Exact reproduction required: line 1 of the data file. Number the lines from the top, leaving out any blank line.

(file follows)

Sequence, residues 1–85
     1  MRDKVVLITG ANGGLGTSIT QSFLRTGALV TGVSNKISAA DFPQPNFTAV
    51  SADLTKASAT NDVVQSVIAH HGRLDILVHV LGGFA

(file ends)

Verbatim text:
Sequence, residues 1–85